Innovation, Open-Source, and CMSs

Over at Running with Scissors, Jerry Slezak has begun a great discussion about innovation. This post began as a comment there that expanded beyond the original point Jerry was making. Building on Jerry’s notion of the UI$ as a new unit measuring “Unit of Innovation per Dollar” and Jim’s point in the comments about the advantage of a close working relationship between tech innovators and the classroom, it seems to me that targeted investment (small grants and/or new faculty/ITS positions) in implementing various open-source (or nearly free) solutions can result in a high UI$ (if I understand Jerry’s new term correctly). Targeted financial and technical support for specific implementations with open-source or freely available tools in a few courses (or even a department) has a much better chance of a good UI$ than adding a massive CMS that everyone has to learn and that not everyone wants to be a part of.

The Counter Argument

One important counter, however, is the argument that standardization (and massive integration of other campus systems) offered by the major CMSs are good things:

1) Because a standardized CMS/LMS is, well, standard. Everyone can use the same interface. Students and faculty don’t have to learn (or relearn) new materials; tech support has one set of training and support materials to create.

2) Because using open-source and free software means using code that is not always ready for prime time. Techno-geeks (of which I am one) are more forgiving of such issues, in part because they can find workarounds for such problems (or accept it as a feature of cutting-edge code).

3) Because of the breadth of offerings. You can hear the sales pitch by the voice-over guy on late-night television: “It doesn’t just manage your courses, it allows you to pay bills, do your laundry and walk your electronic pets!!!!” In all seriousness, the appeal of meeting many institutional needs at once is clear, especially if the package also comes with support from the manufacturer (something less obviously available from the open-source community).*


I understand these reasons are powerful forces in shaping decisions for campus technology. But Jerry’s post is really about innovation, and he is right to recognize that tech investment dollars are limited and need to be spent (invested?) as wisely as possible. Should we be worried that what seems to drive resource decisions at many institutions of higher learning is the notion that “Innovation is good, but stability and uniformity is better”?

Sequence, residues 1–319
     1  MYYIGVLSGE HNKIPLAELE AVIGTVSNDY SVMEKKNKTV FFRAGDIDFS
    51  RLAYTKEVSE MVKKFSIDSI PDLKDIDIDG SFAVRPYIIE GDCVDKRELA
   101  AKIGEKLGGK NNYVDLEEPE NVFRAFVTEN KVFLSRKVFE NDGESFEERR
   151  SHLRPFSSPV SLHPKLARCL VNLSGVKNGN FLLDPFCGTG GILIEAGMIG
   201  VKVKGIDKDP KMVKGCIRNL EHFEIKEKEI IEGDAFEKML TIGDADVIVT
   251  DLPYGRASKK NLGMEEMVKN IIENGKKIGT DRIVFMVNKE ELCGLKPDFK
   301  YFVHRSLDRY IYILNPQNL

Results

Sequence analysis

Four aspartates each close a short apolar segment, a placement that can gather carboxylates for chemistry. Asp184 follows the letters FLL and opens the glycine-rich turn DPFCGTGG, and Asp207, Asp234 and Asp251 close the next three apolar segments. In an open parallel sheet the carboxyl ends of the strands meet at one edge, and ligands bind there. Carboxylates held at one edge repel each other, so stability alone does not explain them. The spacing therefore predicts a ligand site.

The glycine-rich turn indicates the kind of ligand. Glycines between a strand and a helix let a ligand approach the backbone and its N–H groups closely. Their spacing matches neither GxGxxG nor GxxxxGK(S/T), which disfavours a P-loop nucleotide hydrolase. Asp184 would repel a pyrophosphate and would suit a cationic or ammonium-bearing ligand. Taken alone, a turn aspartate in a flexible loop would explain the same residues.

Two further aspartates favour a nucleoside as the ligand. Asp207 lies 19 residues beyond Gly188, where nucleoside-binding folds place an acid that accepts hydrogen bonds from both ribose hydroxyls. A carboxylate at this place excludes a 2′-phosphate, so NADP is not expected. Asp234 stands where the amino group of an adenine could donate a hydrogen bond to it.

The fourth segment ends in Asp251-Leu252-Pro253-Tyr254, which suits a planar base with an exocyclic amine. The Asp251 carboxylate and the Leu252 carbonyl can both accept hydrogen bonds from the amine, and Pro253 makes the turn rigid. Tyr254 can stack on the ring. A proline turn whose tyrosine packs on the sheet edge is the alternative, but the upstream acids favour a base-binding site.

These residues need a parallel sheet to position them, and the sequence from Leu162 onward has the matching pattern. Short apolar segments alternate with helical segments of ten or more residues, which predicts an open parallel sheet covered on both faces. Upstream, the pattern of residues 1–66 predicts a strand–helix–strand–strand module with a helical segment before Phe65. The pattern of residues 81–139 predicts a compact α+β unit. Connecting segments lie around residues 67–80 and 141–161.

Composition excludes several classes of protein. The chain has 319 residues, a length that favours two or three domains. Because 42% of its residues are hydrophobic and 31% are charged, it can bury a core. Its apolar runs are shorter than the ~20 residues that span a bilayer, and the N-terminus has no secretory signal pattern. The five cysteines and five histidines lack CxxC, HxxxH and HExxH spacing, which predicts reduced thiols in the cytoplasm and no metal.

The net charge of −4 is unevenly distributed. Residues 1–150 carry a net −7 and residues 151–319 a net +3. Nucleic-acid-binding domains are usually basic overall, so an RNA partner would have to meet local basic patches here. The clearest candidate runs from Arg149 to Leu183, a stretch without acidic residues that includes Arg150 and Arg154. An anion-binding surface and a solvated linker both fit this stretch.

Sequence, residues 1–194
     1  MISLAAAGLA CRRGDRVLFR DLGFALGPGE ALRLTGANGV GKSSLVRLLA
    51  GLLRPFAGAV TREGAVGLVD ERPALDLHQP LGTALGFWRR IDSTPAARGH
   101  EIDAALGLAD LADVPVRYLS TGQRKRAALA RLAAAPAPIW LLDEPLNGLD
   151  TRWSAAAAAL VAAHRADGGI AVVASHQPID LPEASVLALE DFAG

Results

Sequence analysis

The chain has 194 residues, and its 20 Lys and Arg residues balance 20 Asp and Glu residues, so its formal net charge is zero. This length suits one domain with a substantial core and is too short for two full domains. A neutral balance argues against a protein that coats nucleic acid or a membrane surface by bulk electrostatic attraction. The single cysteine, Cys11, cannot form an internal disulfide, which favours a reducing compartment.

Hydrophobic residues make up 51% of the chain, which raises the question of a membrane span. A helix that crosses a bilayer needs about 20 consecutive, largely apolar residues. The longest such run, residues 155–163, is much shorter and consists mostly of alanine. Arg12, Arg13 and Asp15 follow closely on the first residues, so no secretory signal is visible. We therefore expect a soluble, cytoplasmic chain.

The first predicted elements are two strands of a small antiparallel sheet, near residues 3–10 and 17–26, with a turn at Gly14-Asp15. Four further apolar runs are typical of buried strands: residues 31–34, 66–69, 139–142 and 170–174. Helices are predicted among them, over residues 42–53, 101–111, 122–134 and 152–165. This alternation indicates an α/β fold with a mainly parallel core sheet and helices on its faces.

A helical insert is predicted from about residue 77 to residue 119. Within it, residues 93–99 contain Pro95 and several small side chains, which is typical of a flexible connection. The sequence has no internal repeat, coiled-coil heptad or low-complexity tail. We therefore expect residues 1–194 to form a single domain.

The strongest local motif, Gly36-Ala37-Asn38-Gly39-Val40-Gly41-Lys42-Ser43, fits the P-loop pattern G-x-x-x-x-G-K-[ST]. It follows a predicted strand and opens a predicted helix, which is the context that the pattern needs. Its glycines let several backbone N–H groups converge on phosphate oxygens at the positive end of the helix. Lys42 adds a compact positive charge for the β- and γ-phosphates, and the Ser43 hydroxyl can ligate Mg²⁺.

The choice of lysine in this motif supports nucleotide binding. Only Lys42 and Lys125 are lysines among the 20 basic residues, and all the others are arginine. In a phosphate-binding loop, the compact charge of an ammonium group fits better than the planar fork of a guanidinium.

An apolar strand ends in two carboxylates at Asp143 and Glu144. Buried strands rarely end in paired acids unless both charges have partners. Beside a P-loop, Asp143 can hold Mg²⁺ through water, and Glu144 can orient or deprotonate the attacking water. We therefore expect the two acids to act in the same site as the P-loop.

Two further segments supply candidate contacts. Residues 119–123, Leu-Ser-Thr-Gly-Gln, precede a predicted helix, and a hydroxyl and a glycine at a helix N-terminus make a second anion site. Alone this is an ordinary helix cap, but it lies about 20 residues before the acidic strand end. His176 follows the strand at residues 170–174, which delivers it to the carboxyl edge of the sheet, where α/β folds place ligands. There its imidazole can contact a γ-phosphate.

UPDATE: I listened to the podcast of Jerry and Jim Groom’s ELI Presentation that was the basis for the post discussed above. In it Jerry and Jim address many of the concerns that I brought up, including noting that enterprise CMSs like Blackboard aren’t going away soon since their stability and breadth still addresses the needs of many people on campuses (albeit not always the students or faculty). Of course, the on-target point of the post and the presentation was that enterprise CMSs/LMSs simply don’t seem to be as responsive to the innovative possibilities for teaching and learning that the vibrant, passionate open-source community members have embraced. The other significant gain for me is the cost of innovation terminology of Jerry’s, UI$. I’ll be using that in the future….

* I suspect that there are many members of the open-source community who are incredibly responsive on support issues, but I’m referring to a formalized, contract-driven support that looks more stable from what we might describe as a business perspective.

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  1. Stability is important, no doubt. But it may not be as important as we think.

    Example – how many students need training before they can use Facebook? I venture to say, not many (or any). Why, then, do they use it so well? Because they figure it out – even if interfaces are a bit different, they can learn it incrementally.

    The big problem I see here may be more generational than technical. Net-Gen students don’t mind clicking around until they figure something out. The ability to navigate different interfaces for different online services is just par for the course. Is that not a skill of value, just like library card catalog research skills were at one point in the not too-distant past?

    The real question is how do you foster that sort of skill in a different generation of users?

  2. Jerry,
    My initial response to your comment is that it’s not students who need the stability, it’s faculty and staff who do. A number of people in those positions get frustrated by changing interfaces (even just because of updates/upgrades) to the point that they cease to use such technology (or at least they gripe about its lack of usability).

    But as I think about the basic navigation problems that even some students have (e.g., figuring out the rules of wiki use as compared to a discussion board), I begin to think that you may be onto something. Since students (and the rest of us) are increasingly interacting with information via web-based interfaces (which come in a variety of flavors with a variety of navigational rules–technical and social) then we have a responsibility to work with those students to foster an ability to adapt to these various environments within which they will have to work in college and beyond.

    To bring it back to the topic of Jerry’s post and my response, since virtually none of these environments will look like an enterprise CMS, exposing students to an innovative array of interfaces becomes one obvious way to “foster that sort of” adaptability.

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